When you share your Trailblazer story keep in mind your hook, pivotal moments, and anecdotes that will inspire action.
Whatever path you paved, I guarantee it’s unique to you and I’ll bet you have the ability to motivate others to become Trailblazers themselves. In this series of three blog posts, we highlight content from our session “Take Your Thought Leadership to the Next Level” at the recent Trailblazer Summit, where about 150 Trailblazers from around the world gathered for two days to network and learn about how to take their community leadership to the next level.
In this post, you’ll learn three tips to tell your story in an engaging and inspiring way. How do we define a Trailblazer story?
We define a Trailblazer story as, “an inspiring story about a person who has leveraged the power of the Salesforce platform, Trailblazer Community, and Trailhead to create positive change in their careers, companies, and communities.”
If that’s you, then all you need to remember when you write your story is your hook, your pivotal moments, and how you will inspire action.
Every compelling story has an excellent hook. Think about your favorite books, movies, and tv shows — there’s a reason you love that book or movie so much, there’s a reason why you kept watching or reading once you started: you were hooked.
You have very little time to capture the attention of your audience. So, use it wisely. You need to hook people with the headline and introduction.
Let’s use Stephanie Rhodes’ story as an example.
Headline: Swapping Retirement for Life as a Salesforce Pro
First sentence: At the age of 68, I decided retirement just wasn’t for me.
She strikes the curiosity of her readers with her headline and the first sentence of her story with a unique point of view and a relatable piece of information about her personal life — readers immediately want to learn more about why she decided retirement just wasn’t for her. Her decision to be personable and relatable was a much better creative choice than to open with, “I’m Stephanie Rhodes and I’m a Salesforce Admin.”
Keep these tips in mind when writing your hook:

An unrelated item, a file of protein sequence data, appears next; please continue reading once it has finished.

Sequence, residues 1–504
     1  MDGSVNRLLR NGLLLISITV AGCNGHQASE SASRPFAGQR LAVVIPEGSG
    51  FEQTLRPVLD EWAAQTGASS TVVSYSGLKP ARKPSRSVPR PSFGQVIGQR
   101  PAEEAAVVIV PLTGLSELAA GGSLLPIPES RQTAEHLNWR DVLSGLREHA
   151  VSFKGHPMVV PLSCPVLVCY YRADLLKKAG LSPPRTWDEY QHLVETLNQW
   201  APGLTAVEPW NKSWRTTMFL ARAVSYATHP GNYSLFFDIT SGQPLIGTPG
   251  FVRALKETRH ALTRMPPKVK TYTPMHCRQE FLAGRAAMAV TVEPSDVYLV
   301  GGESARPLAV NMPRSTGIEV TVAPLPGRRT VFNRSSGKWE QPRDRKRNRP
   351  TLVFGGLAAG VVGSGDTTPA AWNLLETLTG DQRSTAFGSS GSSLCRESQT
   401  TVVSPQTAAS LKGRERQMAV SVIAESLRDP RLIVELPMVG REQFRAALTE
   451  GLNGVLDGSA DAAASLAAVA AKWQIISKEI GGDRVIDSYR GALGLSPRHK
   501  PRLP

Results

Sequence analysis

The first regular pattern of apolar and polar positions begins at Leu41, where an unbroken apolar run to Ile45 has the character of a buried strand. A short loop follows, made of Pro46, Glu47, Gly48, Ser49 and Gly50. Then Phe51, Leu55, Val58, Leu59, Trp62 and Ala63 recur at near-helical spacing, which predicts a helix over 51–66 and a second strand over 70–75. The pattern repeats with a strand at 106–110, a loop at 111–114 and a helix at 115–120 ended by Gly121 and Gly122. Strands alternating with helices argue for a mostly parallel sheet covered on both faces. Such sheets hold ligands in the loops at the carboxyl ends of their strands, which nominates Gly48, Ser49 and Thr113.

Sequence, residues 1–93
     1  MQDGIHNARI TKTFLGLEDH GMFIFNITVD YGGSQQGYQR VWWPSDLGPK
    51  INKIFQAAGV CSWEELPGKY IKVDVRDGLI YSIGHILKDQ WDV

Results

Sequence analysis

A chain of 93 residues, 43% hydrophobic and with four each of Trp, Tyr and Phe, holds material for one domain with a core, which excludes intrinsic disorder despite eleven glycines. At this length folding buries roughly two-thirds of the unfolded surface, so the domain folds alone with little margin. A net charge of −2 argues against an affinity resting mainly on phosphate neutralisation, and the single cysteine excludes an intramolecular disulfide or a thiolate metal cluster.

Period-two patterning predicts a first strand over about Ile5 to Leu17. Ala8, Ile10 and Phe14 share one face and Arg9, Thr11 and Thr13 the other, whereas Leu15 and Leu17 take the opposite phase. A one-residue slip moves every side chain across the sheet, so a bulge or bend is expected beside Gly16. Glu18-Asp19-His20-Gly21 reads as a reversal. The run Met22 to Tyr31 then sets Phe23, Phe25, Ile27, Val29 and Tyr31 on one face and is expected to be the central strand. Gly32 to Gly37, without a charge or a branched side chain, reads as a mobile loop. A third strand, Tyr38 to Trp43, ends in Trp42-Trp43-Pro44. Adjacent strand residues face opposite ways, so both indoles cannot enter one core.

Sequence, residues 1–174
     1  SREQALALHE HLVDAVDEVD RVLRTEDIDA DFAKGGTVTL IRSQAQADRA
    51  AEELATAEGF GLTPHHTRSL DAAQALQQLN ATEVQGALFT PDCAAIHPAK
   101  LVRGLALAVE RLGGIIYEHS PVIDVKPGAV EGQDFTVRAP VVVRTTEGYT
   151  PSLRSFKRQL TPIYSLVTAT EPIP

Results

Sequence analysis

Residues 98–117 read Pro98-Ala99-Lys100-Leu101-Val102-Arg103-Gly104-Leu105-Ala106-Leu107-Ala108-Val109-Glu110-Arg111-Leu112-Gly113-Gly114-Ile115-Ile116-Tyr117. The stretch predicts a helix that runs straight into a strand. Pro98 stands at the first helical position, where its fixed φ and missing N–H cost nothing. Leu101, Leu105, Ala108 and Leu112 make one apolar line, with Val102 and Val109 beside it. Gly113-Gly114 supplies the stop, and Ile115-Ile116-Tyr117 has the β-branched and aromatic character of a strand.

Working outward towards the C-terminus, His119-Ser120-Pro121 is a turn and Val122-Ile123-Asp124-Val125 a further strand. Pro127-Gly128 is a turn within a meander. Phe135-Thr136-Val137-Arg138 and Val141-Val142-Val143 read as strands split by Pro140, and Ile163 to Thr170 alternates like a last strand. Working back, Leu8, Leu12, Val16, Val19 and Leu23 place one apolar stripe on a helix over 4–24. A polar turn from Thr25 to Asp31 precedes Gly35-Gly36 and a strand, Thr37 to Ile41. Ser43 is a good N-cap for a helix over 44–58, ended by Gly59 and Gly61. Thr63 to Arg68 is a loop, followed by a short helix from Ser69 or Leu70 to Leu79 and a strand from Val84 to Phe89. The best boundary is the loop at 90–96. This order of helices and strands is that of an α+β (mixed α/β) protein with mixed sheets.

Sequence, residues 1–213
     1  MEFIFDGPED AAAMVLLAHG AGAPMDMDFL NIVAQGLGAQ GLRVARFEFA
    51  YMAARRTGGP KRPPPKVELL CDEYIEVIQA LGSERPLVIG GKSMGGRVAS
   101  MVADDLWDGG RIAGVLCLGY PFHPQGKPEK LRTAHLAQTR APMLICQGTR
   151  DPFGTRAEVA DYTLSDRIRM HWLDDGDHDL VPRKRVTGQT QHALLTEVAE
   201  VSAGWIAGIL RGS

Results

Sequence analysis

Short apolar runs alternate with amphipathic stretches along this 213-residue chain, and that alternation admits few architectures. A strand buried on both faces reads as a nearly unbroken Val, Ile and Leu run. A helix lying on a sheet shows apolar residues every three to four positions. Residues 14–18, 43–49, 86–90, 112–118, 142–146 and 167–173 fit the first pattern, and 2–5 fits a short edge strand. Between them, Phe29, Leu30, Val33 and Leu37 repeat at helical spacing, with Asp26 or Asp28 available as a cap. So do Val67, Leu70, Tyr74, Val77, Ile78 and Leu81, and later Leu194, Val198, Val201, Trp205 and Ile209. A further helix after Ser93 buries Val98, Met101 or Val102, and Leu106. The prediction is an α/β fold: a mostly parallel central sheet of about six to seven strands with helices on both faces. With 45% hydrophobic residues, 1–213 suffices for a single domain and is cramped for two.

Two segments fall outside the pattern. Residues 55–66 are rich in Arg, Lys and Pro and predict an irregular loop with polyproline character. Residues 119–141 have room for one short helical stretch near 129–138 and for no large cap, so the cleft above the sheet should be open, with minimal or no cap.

- Offer unique POV that distinguishes your story from others like yours
- Get to the point — don’t ramble
- Keep your intro shorter than 200 words
- Keep your tone casual and conversational
- Be personable
2. Pivotal moments
Focus on the key turning points in your story. Your goal is to relay the most inspiring moments that are relevant to your audience rather than listing off a timeline of events.
Think of these turning points as defining moments and choose three to five. Break up your story into three to five sections by giving each defining moment a subheadline.
Stephanie included five pivotal moments and organized her story into five sections with the following sub-headlines:
- A family affair
- #CertifiedPro? Yes, please!
- Opportunity Knocks
- Life’s Setbacks
- It’s not over till it’s over
In the screenshot below you can see the first two sub-headlines highlighted in blue. Organizing your story this way makes it easy for the reader to follow along.
Keep these tips in mind when writing your pivotal moments:
- Choose three to five
- Designate each pivotal moment as its own section with a sub-headline
- Keep each paragraph between two to four sentences long
- Avoid a written timeline of events
3. Inspire action
At the end of your story, your goal is to help your reader find success the way you did. This is an opportunity for you to highlight the Salesforce resources you used to become a Trailblazer.
Keep these tips in mind to inspire action:
- Be real — don’t feel like you need to sell Salesforce by linking to a product page
- Focus on educating your audience by linking to helpful resources, such as:
Always remember to be conversational. Write your story as if you’re speaking directly to the reader and always include your hook, pivotal moments, and a dose of inspiration!
Share your story on Twitter and LinkedIn using #mytrailblazerstory. For inspiration follow Trailblazers like Daniel Peter on Twitter and subscribe to Trailblazer blogs such as sfdc99.com and mominthecloud.com.